The aim and purpose of philosophy is best summed up in one word: freedom.

Every human being desires freedom and that desire is present everywhere and at all times. Thus we may learn to drive a car to obtain freedom of movement, we go to sleep to gain freedom from fatigue, we eat a meal to be free from hunger, we seek love in order to be free from loneliness, and so on. Although it may not always be obvious, the desire for freedom is an ever-present one.

Although people may find themselves bound this is never their real desire. Given the fact that the desire for freedom is shared by everyone and is constant, it is reasonable to assume that it is in the nature of mankind. When acting in pursuance of freedom men and women are acting in accord with their own nature. The observable fact is, however, that not everyone succeeds in gaining this freedom, or, if they do, it is limited and transitory.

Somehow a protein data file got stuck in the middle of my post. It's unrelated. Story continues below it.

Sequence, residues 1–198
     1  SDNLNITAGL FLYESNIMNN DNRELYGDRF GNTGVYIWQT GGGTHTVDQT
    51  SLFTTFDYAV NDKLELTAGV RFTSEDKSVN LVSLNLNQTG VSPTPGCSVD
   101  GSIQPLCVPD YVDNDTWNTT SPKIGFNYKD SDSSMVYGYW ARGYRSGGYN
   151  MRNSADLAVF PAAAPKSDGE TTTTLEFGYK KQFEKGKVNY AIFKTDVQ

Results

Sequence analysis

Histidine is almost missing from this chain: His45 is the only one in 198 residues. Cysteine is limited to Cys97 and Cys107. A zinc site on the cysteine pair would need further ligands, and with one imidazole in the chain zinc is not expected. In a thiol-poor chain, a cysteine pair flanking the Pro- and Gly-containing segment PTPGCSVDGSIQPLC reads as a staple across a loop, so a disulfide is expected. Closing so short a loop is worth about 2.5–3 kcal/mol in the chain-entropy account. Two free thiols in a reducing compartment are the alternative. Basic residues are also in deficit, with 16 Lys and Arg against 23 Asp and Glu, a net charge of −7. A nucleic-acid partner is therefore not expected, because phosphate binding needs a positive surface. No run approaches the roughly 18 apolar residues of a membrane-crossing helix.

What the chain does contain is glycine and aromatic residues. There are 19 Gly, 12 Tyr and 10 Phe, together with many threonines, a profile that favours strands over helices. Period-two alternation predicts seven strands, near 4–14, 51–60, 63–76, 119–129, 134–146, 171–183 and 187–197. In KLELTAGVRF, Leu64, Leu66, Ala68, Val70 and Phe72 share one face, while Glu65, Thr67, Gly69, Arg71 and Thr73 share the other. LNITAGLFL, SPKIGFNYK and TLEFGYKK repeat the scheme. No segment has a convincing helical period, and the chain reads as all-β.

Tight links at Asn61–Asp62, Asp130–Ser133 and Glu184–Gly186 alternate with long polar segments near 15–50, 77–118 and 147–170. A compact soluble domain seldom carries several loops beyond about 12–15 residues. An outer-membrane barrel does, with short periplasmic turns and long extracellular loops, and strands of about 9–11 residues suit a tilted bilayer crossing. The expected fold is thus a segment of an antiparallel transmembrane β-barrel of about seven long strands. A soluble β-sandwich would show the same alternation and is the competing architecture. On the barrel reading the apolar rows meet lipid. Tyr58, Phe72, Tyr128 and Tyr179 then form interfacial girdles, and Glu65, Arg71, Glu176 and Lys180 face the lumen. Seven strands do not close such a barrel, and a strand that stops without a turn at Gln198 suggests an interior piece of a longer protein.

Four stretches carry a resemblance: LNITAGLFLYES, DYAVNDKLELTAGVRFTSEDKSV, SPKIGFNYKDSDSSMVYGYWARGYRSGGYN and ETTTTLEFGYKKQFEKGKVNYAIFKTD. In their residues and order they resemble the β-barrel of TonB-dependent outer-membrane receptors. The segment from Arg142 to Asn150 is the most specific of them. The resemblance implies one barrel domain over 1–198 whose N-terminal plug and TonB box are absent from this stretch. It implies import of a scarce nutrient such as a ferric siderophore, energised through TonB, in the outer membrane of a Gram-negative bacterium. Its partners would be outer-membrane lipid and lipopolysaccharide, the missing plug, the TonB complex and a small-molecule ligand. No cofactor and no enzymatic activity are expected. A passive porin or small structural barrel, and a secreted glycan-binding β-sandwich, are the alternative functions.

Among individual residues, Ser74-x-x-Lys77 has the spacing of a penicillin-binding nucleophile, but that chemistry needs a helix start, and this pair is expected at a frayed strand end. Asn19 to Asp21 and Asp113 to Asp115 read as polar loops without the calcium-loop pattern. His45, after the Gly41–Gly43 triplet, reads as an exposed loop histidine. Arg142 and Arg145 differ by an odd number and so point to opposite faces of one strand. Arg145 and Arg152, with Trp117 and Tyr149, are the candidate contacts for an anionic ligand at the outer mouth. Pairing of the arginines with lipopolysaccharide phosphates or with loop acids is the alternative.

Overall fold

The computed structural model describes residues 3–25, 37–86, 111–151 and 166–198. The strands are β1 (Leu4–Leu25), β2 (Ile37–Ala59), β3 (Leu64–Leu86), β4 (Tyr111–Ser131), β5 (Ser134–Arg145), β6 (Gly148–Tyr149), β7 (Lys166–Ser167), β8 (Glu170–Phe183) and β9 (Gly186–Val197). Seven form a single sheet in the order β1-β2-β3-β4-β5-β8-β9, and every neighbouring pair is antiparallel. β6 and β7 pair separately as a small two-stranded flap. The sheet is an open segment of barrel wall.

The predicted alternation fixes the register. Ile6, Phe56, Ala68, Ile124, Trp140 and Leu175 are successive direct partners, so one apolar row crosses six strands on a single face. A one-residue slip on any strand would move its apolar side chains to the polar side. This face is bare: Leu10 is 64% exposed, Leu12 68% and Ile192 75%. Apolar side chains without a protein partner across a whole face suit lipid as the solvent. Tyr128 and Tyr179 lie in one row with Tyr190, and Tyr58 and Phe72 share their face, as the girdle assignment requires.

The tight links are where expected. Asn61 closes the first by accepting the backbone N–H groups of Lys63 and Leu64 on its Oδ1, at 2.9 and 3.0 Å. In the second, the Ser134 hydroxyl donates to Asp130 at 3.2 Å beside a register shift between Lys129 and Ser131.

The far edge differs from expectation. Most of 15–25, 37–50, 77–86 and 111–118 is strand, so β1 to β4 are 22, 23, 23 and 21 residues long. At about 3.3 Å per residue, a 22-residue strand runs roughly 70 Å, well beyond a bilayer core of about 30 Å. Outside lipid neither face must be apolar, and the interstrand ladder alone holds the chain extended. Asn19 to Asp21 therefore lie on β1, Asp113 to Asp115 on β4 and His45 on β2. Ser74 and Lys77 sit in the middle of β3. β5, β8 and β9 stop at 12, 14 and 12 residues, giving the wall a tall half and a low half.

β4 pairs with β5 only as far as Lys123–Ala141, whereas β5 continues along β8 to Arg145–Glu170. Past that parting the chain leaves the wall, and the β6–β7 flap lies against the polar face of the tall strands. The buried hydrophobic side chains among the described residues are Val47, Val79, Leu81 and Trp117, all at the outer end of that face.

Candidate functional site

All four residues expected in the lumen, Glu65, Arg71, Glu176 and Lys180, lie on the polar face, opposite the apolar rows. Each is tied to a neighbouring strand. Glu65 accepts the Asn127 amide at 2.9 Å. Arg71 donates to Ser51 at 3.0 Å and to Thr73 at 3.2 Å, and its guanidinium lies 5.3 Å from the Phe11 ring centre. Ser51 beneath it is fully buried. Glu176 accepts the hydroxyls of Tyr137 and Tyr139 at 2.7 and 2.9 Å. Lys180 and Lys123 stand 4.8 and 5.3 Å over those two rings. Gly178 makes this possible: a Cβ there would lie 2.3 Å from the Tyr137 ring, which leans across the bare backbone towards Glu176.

The central topic for our consideration and practice this term will, therefore, be the subject of freedom.

  • What is the true nature of freedom?
  • How may freedom be experienced fully and constantly?
  • In what ways is the freedom lost?
  • How does this apply both to individuals and to societies?